Bottle Spotting Bingo

There’s this sick game I play and maybe you do it too. It’s probably mostly alcoholics like me who can spot a bottle a mile away. Like a twisted game of booze bingo.  And then I make up stories of the people who left them there.

The discarded.

The self medication aftermath.

Is there a reason they’re called shots?


I know it when I see it. The throwaway. The left behind. The “my shell is still here even though what was inside is long gone”. I know it because I was it.

Often found by train tracks but also in parks, forest preserves, depots and places where folks can hide in plain daylight because most don’t want to see.

The black plastic bags that you know are packing a high alcohol content. Usually accompanied by someone walking on a highway or a road where you don’t see anybody else walking.  A desperate and oftentimes dangerous journey to get a fix.

I used to pour my booze into water bottles or tupperware containers to be less conspicuous.  As if that’s possible.  I would throw my bottles away in far away places so no one would know. I had a million tricks. And they worked for a while, until they stopped. It’s exhausting being an active alcoholic.  Absolutely painfully exhausting.

I play this bottle spotting game not because it’s fun or enjoyable.  I play it because it’s right there in front of our faces if we choose to acknowledge the darkness all around us. Inside us. These are people with stories and families and lives that went wrong.  And chances are, it’s us.

“I didn’t know she was suffering.”  “He hid it so well.”  Until it was too late.

The suffering need a balm, a salve, and these bottles contain everything that will keep the sickness at bay.  For a while.  And then it’s on to more more more.

The withdrawals are too strong.  The delirium and the withdrawals threaten to take our lives and they sometimes do and then it’s too late.

  1. Alcohol withdrawal delirium is the most severe form of alcohol withdrawal.
  2. All heavy, long-term drinkers are at risk for alcohol withdrawal delirium.
  3. Alcohol withdrawal delirium can be fatal. It’s important to address issues with heavy drinking in a medical environment rather than trying it on your own.*

Read number 3 again. You know it when you see it. You know what precedes it but you don’t know what will follow it each time.  Most times may be ok, but what about the time it isn’t?

I went through alcohol withdrawal on my own a few times (unspeakable) and also in a hospital detox center a couple times (still terrible).  I wound up in the psych ward because the delirium became too much for a time. I vividly remember the spiders crawling all over the walls and myself – neither of which were real.  Hallucinations and the sweating and the nausea and the dehydration and the heart racing out of control. The anxiety attacks.  The fear.  FEAR FEAR FEAR.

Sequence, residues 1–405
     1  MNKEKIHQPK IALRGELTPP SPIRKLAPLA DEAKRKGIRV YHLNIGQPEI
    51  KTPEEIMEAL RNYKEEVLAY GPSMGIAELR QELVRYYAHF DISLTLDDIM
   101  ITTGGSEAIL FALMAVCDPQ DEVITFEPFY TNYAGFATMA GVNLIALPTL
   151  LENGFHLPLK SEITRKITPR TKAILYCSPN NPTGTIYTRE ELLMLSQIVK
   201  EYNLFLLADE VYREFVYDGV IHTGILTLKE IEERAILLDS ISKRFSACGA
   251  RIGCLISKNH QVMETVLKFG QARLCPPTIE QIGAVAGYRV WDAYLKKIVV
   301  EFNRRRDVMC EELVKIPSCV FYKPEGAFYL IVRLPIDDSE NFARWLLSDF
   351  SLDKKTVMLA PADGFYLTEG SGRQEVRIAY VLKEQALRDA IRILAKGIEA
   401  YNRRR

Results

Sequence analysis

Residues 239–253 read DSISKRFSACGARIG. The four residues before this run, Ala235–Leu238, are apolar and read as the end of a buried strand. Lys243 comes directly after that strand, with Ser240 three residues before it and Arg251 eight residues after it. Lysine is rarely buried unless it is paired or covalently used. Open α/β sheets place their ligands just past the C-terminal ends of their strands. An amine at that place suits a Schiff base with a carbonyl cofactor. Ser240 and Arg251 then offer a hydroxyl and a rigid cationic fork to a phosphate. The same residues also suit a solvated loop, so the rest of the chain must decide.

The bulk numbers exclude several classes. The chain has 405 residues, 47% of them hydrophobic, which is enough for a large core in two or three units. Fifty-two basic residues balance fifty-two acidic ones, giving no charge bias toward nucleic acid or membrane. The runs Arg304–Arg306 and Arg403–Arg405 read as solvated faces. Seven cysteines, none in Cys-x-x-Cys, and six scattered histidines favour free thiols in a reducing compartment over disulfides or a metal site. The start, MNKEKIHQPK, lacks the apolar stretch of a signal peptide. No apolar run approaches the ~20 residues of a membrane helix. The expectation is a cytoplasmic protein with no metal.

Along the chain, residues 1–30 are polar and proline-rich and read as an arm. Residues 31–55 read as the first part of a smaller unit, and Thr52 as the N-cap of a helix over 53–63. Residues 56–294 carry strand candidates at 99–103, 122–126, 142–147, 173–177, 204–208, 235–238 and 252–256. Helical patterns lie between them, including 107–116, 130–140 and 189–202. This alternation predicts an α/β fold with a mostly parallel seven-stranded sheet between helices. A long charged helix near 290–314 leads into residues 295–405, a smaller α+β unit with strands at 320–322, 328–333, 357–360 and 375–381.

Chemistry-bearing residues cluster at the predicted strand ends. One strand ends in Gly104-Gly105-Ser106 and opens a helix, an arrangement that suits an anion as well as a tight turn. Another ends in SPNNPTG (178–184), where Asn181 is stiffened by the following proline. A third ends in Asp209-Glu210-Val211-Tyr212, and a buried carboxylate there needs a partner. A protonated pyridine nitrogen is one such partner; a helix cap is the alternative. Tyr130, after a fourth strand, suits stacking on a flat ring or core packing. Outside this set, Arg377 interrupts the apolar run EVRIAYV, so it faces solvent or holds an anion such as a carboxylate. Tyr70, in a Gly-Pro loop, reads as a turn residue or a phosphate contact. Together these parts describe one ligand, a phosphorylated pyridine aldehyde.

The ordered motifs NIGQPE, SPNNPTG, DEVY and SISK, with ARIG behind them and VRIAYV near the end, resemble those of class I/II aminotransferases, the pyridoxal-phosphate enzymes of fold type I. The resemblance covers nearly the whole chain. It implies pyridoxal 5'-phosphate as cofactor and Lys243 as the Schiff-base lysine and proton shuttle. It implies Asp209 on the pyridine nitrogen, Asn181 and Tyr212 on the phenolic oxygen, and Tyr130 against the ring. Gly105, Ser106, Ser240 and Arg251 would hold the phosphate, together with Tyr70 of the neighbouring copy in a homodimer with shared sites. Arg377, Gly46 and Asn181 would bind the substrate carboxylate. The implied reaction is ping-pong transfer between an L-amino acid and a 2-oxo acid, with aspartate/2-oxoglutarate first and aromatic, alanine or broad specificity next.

I’ve never been so scared as when faced with the idea of being sober. Hell, I’m still scared. One of the hardest things to do in this life is ask for help. And in recovery, you just need to keep asking for help. Reaching out and helping others is what it’s about.

People are scared.  People see no other way.  There is another way, they just may need a little help crossing over into a safe space.  Without judgment or fear of reprisal.  They may not be ready.  They may never be ready.

Detoxing is not painless, but I’ll tell you that medical professionals can monitor your vitals and keep you afloat until you are through the fucking fire.  This is nothing to take lightly and think you can do yourself.

This – alcoholism and addiction – is nothing to be ashamed of.  THIS IS NOTHING TO BE ASHAMED OF. The only way this stigma loses it’s power is if we keep talking about it OUT LOUD and sharing our stories. We need to stop whispering about this. I am not a whisper. It’s what we do as humans, we try to hide our pain. Until it stops working and we need to try to face it head on and actually deal with it. Some never do. And that ALSO deserves no condemnation. Can we just grant each other some grace?

My heart breaks for all those out here hiding in plain sight, continuing to self-medicate because they are too afraid to ask for help.  It doesn’t have to be this way.  IT SHOULD NOT HAVE TO BE THIS WAY.

Please pay attention to yourself and those you love.  I know it’s hard.  I know people have hurt you beyond belief.  But this is real and this is killing people every day.  I get hurt every single day, I get burned by folks who say they are ok when they are clearly not ok. Get to a hospital and worry about the rest later.

I didn’t get my life back when I got sober.  I face a rocky climb in my head each day, but if I continue to choose that climb, it will keep me moving up onto the next right thing.  Misery is always refundable. You check off enough boxes, you get bingo.

I will probably be a bottle spotter the rest of my life.  And that’s ok.  I don’t want to forget or choose not to see who is out there.  Or in here.


* This is a great article detailing warning signs and timelines of typical alcohol withdrawal symptoms
Alcohol Withdrawal Delirium 



But you don’t look like an alcoholic

Alcohol is a liar and a thief

What does a whore look like?

Grant each other the grace to feel all the feelings

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